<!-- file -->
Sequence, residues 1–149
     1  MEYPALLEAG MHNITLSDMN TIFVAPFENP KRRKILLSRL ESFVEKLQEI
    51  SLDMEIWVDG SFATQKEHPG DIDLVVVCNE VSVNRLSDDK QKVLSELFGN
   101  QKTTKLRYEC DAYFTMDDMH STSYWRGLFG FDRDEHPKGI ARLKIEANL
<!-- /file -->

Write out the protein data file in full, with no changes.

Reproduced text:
Sequence, residues 1–149
     1  MEYPALLEAG MHNITLSDMN TIFVAPFENP KRRKILLSRL ESFVEKLQEI
    51  SLDMEIWVDG SFATQKEHPG DIDLVVVCNE VSVNRLSDDK QKVLSELFGN
   101  QKTTKLRYEC DAYFTMDDMH STSYWRGLFG FDRDEHPKGI ARLKIEANL